I like writing about beer styles and their histories, you may have noticed, but I certainly don’t think styles should be fetishised: it’s interesting, for a tiny number of us, to know where today’s beer styles have come from. It’s more important, though, for consumer confidence, to be able to tell drinkers what they can expect by reference to a particular style in its modern incarnation. The relevance of past beer styles to the present is, as Ron and I have shown, limited. As is the nonsense of “true to style”.

  4. Stan Hieronymus September 15, 2010 at 10:51 am #

    Martyn – Being an optimist, I think/hope your work deters styles being fetishised (that might be fetishized in American). A start will be for breweries to quit concocting incorrect histories of India Pale Ale for their bottle labels.

    And, of course, eliminating the phrase “true to style” from polite conversation would also be nice.

  5. The Professor September 15, 2010 at 11:04 am #

    Andy, I respectfully disagree…it is history that helped to develop and define so called beer “styles”, not a rather suspect list that is the recent invention of an organization concerned primarily with home brewed beer competition judging (and in the process probably generating more revenue for contest sponsors by offering more and more entry categories. LOL).

    Don’t get me wrong… You are certainly entitled to you own personal expectations and opinions that result from that expectation being met or not being met. One’s own expectation with regard to a given beer is a perfectly fine and legitimate thing to consider…but hardly a reason to throw out the understanding and consideration of history, and the natural evolution which is what truly defines so called “styles.” There have always been wide variations on the themes in terms of “style” without having to declare the emergence of a new one on what lately seems like a daily basis.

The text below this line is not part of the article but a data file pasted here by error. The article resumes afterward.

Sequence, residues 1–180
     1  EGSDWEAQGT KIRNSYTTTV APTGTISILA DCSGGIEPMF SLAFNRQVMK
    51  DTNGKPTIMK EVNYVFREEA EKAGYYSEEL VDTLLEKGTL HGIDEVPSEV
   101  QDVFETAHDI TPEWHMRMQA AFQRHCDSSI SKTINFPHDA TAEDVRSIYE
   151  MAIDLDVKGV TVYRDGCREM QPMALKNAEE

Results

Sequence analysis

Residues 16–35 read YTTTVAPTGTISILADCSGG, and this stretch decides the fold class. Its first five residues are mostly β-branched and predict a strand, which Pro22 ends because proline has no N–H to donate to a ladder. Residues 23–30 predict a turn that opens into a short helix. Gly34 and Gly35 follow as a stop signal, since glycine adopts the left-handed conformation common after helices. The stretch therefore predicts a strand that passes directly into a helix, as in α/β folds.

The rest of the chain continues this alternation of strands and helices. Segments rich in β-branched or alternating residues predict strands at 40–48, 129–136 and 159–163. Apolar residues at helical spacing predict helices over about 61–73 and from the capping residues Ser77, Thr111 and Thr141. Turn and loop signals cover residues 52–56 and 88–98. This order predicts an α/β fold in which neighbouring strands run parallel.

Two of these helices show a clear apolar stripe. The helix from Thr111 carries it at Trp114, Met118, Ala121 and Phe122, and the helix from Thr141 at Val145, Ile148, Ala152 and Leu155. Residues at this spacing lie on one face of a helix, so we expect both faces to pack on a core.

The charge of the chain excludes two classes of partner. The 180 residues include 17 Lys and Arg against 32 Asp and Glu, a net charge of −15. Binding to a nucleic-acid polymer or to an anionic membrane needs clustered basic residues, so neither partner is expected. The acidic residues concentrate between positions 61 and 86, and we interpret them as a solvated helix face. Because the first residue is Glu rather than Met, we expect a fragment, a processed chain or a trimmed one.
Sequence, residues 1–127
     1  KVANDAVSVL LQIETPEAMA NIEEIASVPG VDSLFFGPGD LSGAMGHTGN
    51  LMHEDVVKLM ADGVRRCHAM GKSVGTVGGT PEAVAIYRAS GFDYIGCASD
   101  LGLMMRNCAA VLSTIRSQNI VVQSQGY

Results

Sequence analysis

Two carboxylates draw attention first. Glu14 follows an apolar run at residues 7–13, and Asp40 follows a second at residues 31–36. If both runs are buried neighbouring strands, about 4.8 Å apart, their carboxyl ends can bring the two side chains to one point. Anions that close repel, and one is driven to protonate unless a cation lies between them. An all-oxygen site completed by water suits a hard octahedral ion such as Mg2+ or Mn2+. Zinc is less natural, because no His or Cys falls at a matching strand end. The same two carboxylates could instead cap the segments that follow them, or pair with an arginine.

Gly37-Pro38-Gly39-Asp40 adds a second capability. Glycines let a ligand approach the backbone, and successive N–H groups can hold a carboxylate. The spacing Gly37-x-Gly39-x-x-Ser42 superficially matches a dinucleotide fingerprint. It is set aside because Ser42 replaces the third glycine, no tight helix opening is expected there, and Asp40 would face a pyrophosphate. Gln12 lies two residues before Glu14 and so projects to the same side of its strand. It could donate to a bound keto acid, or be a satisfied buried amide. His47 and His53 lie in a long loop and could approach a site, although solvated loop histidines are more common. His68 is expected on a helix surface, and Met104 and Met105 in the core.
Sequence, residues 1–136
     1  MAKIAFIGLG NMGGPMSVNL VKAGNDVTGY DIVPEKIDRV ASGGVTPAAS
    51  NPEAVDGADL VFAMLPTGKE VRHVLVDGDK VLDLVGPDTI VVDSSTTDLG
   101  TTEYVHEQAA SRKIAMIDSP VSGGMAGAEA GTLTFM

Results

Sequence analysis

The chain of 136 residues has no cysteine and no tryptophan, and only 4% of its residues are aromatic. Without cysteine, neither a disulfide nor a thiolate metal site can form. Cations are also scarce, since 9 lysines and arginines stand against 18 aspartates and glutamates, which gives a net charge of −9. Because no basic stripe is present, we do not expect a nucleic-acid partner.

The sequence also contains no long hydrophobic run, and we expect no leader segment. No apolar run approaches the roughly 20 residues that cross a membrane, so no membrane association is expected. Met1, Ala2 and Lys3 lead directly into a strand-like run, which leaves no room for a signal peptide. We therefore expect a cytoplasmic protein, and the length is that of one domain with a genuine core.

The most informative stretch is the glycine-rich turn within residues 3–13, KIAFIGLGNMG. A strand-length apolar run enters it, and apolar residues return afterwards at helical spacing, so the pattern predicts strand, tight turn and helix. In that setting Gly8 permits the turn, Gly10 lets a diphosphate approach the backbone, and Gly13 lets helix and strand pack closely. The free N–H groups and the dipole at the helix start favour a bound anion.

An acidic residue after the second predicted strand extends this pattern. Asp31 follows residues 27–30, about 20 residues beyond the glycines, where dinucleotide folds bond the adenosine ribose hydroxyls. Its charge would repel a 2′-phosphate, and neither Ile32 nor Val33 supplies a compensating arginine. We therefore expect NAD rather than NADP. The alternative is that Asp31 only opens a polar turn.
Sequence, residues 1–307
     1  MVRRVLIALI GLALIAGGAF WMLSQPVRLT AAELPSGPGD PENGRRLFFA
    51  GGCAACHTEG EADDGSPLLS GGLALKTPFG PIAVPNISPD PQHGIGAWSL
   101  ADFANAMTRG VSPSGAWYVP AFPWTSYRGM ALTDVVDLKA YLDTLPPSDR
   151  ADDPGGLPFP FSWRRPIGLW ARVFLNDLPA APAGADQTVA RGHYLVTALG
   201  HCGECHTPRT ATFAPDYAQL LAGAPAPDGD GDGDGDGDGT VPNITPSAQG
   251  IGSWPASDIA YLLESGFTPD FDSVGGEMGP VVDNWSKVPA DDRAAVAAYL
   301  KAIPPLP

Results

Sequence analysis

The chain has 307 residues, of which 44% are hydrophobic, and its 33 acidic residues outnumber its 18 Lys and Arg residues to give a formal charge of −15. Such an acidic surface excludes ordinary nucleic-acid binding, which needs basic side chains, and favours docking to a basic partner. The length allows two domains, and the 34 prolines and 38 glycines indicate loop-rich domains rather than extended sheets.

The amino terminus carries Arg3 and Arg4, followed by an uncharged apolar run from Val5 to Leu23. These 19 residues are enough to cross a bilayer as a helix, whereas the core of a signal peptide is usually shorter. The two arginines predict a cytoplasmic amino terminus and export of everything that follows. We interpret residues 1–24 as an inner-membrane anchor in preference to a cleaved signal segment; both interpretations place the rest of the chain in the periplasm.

The real problem is the current fad…obsession even…of trying to hang a tag on and pigeonhole every slight variant into a new so called “style”.

    That’s why in the end, I agree with Barm…and I think the whole idea of beer “styles” has practically reached the point of silliness (witness the very bizarre controversy over Black IPA, or whatever it’s being called today. It’s just a dark ale, folks… variations of which have been around for ages. For commercial purposes, call it whatever you like. But it is certainly not a new invention).

    While I am a long time supporter of the small brewers, (a few of whom make some mighty fine beer), it’s sad to me that the industry itself is now apparently starting to use the amateur “guidelines” as an authoritative reference as part of their hype.

    Beer is starting to get a bit pretentious, and people are starting to be turned off by it.
    …could be a small part of the reason the hipsters are turning to PBR. LOL.

  6. Mike September 15, 2010 at 3:07 pm #

    The proliferation of and obsession with “beer styles” has led to confusion, not elucidation. Rate/Advocate might actually have something useful to offer instead of endless discussions on the general topic of: “is it this style or that?”.

    History, OTOH, educates us. When I drink a beer, knowing it’s history provides context, knowing style provides nothing.